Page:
Pasek and Paul performance featured on UWS Music page


Another video of myself is out. But this time, I was not the one who published it. I was startled. The recording of one of the songs in my Men On and Off Broadway project was uploaded by the official UWS Music online account on YouTube. I can’t really say that it was done without proper consent because we had to sign some paper that deals with copyright, permission to use or republish such stuff and in which I actually agreed. But really, what a privilege to be actually chosen to sort of represent the UWS Music course and its tagline that says, “There is more to music at UWS.” Very flattering. And I’m quite grateful.

Just a small trivia you might wanna know, this song from Edges: The Musical called “Along The Way” by Pasek and Paul has always been a dream performance piece. From the very first time I heard the song and watched it being performed in various interpretations, I fell in love with it and knew straight away that I would be performing it one day. And so, came Spring and the ‘Rep and ID’ unit that allowed us to design our own project (i.e., our personally designed musical repertoire). With no qualms, I included the song in my repertoire, and by good fortune, was able to find a pianist who could accompany me and keep up with my fuzziness. As bountiful fortune would have it, she came signed and sealed, in the name of Patricia Wong. The rest is what we could call history.

Despite the flaws of this performance (e.g., (1) mic’s mounted up on mic stands were scattered around the stage as I entered which made the singing SO uncomfortable. I tried to get rid of them fluidly and subtly while actually singing but I tell you it was one of the most awkward moments of my life. I utterly hate ‘adverse’ surprises; (2) the FAIL falsetto in the end. I did prepare for it and in my rehearsal sessions I had always done it perfectly (Like, c’mon I’m a falsetto maven). Nevertheless, perhaps it is true that every once in a while there are things that happen when least expected), I am very grateful to the Lord for making this ‘dream’ come into view. I was blessed with the right resources, the right people and an adequate amount of time to prepare well for it. But I know this ain’t the last time I’m doing this song. And next time, I’ll make sure that it’ll be bigger and better.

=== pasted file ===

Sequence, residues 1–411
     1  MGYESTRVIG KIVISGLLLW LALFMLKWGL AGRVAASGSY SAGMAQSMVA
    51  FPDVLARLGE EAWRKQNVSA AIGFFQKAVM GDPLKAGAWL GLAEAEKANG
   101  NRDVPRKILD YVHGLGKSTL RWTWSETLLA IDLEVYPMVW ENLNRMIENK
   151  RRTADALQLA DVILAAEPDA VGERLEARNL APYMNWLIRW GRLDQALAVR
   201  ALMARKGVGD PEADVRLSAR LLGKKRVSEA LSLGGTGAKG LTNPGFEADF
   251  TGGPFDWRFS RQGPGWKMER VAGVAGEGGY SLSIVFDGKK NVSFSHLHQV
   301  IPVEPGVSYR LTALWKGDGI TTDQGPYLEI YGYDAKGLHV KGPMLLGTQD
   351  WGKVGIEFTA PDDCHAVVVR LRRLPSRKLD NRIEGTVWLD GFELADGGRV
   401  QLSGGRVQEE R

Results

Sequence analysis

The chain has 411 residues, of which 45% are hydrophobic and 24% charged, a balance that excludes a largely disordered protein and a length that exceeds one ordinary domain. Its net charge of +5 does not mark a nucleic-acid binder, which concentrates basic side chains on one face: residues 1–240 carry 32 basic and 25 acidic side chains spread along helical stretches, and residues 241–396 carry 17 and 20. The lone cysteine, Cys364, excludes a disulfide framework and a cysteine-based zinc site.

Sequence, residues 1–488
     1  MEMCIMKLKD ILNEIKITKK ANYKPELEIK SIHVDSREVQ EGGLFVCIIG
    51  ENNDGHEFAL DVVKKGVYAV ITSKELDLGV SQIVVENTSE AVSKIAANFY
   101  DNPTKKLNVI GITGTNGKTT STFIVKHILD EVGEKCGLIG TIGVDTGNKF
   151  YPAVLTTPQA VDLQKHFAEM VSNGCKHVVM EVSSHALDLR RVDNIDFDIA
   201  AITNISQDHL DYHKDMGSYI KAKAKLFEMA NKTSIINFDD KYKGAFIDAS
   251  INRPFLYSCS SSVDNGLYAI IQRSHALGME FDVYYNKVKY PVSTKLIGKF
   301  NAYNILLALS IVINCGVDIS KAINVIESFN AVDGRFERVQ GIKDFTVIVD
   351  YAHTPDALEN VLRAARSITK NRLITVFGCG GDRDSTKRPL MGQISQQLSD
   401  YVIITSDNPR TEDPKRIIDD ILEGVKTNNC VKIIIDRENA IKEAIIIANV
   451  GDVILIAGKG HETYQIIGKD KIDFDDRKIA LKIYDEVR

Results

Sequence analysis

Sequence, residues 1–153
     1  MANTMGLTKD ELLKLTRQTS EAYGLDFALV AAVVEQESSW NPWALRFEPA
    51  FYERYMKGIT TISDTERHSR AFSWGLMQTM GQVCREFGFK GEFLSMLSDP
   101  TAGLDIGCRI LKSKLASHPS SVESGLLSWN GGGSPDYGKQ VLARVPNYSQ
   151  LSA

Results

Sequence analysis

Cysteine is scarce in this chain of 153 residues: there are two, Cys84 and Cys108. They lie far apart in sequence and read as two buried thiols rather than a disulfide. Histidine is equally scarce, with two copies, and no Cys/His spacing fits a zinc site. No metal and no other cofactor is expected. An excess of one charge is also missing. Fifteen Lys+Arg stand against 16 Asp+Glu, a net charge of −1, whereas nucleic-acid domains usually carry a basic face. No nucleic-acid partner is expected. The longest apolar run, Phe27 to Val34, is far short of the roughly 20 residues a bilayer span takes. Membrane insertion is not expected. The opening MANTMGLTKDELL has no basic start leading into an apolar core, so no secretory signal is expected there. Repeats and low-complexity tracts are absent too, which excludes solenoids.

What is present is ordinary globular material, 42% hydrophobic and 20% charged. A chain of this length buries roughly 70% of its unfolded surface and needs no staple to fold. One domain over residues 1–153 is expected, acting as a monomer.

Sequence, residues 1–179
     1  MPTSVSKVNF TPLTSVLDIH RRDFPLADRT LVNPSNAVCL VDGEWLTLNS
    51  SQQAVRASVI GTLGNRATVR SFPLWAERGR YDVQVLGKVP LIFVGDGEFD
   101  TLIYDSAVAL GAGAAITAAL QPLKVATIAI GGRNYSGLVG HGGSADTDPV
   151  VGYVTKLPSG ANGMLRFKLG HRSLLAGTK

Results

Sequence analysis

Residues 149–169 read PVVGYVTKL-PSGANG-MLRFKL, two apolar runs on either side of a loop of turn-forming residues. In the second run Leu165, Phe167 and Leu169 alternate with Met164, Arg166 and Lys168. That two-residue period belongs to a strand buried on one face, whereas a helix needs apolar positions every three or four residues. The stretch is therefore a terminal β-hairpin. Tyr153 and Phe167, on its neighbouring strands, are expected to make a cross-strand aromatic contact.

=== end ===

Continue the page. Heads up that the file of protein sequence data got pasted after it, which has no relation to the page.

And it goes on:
Performing ‘I Bought Me A Cat’ by Aaron Copland


Yes, you read it right. It might seem bizarre but yes, I did manage to bring off such a seemingly insuperable piece. Alright, I was exaggerating. Anyway, here’s my recorded performance of ‘I Bought Me A Cat’ by Aaron Copland. I made this folk/art song a part of my final performance project for my performance unit entitled “Men On and Off Broadway”. It is obviously not a Broadway piece but the song can be used with a huge amount of theatricality. That’s why it was plunked on the ‘Intermezzo’ section, the break from the Broadway songs. Despite the inflicted humour (people were actually LOL-ing during the performance but couldn’t be heard on the recording) and a small flare of self-humiliation, I am hoping that I have been able to give it justice and a decent interpretation it deserves. Piano accompaniment is done by my extremely talented colleague, Shanice Vella. CLICK ON THE PHOTO TO WATCH THE VIDEO OR CLICK HERE.

Blog Creative-Process Essay




Music By Degrees: “The Jam”

Blog Creative-Process Essay

By Rie Manaloto

A micro component of the large-scale collaborative work, Music By Degrees, “The Jam” is an Expanded Practice program that harnesses different kinds of media such as live music, film, theatrics, soundscape and unconventional music improvisation. The main objective of this multimedia project is to present a concise depiction of the campus life of a music student in the University of Western Sydney’s college of Music using a musical and theatrical approach. It demonstrates the typical setting, activities, processes and experiences a music student undertakes throughout the degree. The main narrative centres on how a student experiences working on a university assessment–the processes of composing, arranging music, finding inspiration, collaborating, performing, and just having fun. This performance is created in collaboration with Amabelle Garcia, Gerielle Guzman and Mary Vargas.

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The collaboration process between the group members has been a healthy relationship that displayed good and solid teamwork despite some contrasting views and personalities. Everybody is given the chance to voice out an opinion or conviction; everybody contributes an idea or insight into the canvas that paints the overall picture of our project. All the members are able to support and critique each other’s views and creative input, and this interdependence, according to John-Steiner (2000), is crucial in developing successful and intelligent partnerships.